The problem: The capital investments required to make such a switch dwarf the costs of even expensive projects such as a blast furnace reline. And steel made from carbon-free technologies costs over $200 per tonne more to produce compared to material made via traditional means. That’s in large part because producing hydrogen requires “immense” amounts of electricity even compared to EAF steelmaking.

“Decarbonizing is going to increase costs. That’s going to lead to higher steel prices.” And that’s true whether one is talking hydrogen-based steelmaking or carbon capture and sequestration, Smith said. 

Carbon Border Taxes

Government subsidization or intervention in power markets could offset those costs as could a carbon border tax. But a lot hinges on exactly how a carbon border tax might work in practice. If carbon border policies are applied only to steel and not to downstream products, it could incentivize manufacturers to move elsewhere, where steel costs are lower, Smith said.

Another reason for caution: It’s not clear that all alternative iron-making technologies currently being explored will pan out. Such processes tend to proliferate when steel and ore prices are high. But enthusiasm and available capital tends to wane when tags fall, he said.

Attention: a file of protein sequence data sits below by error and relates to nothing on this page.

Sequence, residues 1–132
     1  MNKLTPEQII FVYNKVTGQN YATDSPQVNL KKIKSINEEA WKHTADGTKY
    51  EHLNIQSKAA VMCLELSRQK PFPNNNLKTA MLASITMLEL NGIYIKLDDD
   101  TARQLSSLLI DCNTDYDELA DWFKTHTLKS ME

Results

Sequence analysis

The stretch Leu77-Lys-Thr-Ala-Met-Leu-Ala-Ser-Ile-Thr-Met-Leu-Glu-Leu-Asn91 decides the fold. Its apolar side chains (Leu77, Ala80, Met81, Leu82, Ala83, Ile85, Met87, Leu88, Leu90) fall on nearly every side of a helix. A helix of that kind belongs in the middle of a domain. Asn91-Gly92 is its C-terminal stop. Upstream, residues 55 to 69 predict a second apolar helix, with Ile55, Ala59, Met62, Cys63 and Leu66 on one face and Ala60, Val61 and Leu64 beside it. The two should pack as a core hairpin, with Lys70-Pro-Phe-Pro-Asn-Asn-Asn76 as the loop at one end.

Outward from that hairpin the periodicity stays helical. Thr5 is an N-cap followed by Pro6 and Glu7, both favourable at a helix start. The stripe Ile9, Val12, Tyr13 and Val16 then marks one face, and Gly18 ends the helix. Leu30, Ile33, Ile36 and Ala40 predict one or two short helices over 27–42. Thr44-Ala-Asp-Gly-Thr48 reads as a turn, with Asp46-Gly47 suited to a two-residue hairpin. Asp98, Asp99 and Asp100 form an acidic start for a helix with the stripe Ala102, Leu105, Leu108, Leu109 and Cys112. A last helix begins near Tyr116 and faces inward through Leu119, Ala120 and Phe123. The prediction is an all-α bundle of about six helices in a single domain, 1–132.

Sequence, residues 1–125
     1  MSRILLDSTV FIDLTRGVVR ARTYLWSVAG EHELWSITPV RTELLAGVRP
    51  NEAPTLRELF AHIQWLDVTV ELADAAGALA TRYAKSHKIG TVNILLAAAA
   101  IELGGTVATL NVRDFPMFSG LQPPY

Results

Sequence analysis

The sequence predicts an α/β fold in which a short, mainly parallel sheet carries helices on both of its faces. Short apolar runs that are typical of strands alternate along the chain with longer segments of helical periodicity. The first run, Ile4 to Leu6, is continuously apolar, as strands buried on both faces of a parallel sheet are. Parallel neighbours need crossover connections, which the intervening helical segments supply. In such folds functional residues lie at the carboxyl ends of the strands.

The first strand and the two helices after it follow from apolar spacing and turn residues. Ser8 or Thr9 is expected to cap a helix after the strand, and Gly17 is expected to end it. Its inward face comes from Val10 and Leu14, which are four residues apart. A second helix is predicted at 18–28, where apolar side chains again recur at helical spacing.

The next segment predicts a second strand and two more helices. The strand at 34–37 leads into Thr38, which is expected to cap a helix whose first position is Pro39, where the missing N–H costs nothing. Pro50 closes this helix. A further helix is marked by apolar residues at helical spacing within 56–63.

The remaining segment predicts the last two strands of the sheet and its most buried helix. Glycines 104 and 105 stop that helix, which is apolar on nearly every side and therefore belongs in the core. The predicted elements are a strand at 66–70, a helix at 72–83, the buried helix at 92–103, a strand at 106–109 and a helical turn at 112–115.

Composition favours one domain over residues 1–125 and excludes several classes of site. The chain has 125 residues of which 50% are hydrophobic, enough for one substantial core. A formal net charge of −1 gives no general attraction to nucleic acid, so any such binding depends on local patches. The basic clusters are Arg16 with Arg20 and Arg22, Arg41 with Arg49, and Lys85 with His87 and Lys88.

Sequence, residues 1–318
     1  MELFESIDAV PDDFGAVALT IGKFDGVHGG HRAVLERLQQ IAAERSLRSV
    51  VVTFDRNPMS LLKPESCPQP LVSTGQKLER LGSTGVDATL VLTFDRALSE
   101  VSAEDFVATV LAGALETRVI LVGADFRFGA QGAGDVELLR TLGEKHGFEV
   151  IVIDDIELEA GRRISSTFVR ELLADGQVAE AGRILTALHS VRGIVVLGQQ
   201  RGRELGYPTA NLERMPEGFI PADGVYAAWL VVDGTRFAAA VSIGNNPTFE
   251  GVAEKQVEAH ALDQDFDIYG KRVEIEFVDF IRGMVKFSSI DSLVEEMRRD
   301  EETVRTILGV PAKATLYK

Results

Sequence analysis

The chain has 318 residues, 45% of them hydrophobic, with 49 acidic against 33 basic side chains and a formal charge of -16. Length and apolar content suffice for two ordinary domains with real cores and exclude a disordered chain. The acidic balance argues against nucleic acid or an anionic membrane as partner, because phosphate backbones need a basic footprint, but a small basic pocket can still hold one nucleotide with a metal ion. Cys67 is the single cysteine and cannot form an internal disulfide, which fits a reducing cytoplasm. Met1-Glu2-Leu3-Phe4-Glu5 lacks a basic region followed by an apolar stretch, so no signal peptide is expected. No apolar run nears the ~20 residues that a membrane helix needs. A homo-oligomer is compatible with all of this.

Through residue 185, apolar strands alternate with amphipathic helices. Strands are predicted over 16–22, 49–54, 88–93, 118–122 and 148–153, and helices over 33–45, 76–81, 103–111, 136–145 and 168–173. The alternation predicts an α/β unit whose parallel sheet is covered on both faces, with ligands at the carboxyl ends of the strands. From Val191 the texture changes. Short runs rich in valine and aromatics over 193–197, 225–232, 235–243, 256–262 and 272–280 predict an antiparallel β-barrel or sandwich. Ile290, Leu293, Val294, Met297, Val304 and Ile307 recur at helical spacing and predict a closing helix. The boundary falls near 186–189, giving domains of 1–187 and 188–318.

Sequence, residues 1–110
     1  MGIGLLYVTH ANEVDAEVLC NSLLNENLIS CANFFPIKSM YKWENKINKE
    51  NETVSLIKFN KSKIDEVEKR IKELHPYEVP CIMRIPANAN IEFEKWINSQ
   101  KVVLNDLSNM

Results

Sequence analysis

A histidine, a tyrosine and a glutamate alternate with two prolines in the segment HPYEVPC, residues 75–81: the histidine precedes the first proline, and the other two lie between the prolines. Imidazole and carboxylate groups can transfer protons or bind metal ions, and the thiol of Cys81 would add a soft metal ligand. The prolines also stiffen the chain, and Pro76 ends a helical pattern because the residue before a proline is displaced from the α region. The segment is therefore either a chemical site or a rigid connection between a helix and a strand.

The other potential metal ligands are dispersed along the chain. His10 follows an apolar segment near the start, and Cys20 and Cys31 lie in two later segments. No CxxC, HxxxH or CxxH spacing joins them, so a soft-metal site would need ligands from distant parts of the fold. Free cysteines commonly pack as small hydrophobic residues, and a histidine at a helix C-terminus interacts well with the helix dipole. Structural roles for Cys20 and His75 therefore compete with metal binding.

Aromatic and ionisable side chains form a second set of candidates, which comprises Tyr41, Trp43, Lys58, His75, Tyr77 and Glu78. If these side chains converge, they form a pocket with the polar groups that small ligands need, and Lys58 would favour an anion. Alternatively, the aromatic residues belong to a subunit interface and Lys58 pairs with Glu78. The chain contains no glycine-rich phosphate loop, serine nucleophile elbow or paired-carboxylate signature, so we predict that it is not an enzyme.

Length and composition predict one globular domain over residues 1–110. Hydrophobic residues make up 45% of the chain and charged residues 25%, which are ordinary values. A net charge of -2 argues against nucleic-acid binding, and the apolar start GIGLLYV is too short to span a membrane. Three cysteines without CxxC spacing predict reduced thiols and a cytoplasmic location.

In the current market environment, one characterized by record high prices, increased costs might be manageable. And money might be available to research new technologies. The problems will come when the steel market inevitably resets to more normal conditions, which are often cash-flow neutral for steelmakers, Smith said.

As for cross-border trade, it’s too early to say how a carbon border tariff might impact flows. It’s possible that a specific nation would be assessed a certain carbon tariff and that an individual steelmaker could apply for a lower rates. That might be the case in the U.S., for example, were an EAF steelmaker might be able to ask for a lower carbon tariff than an integrated mill, he said.

That process could be broadly similar to how antidumping cases work in the U.S., where a country-wide rate is determined but where individual mills might receive higher or lower margins depending on their particular circumstances.

While the details of a carbon border tariff aren’t yet certain, this is: What’s needed to facilitate a wholesale shift to carbon-neutral steelmaking is a much higher price for carbon than prevailing market prices. “Carbon prices need to be hundreds of dollars more than where they are currently,” Smith said.

Carbon prices in Europe are approximately $40 per tonne, higher than usual but still “nowhere near high enough to incentivize a wholesale shift to low CO2 steel production,” he said.

By Michael Cowden,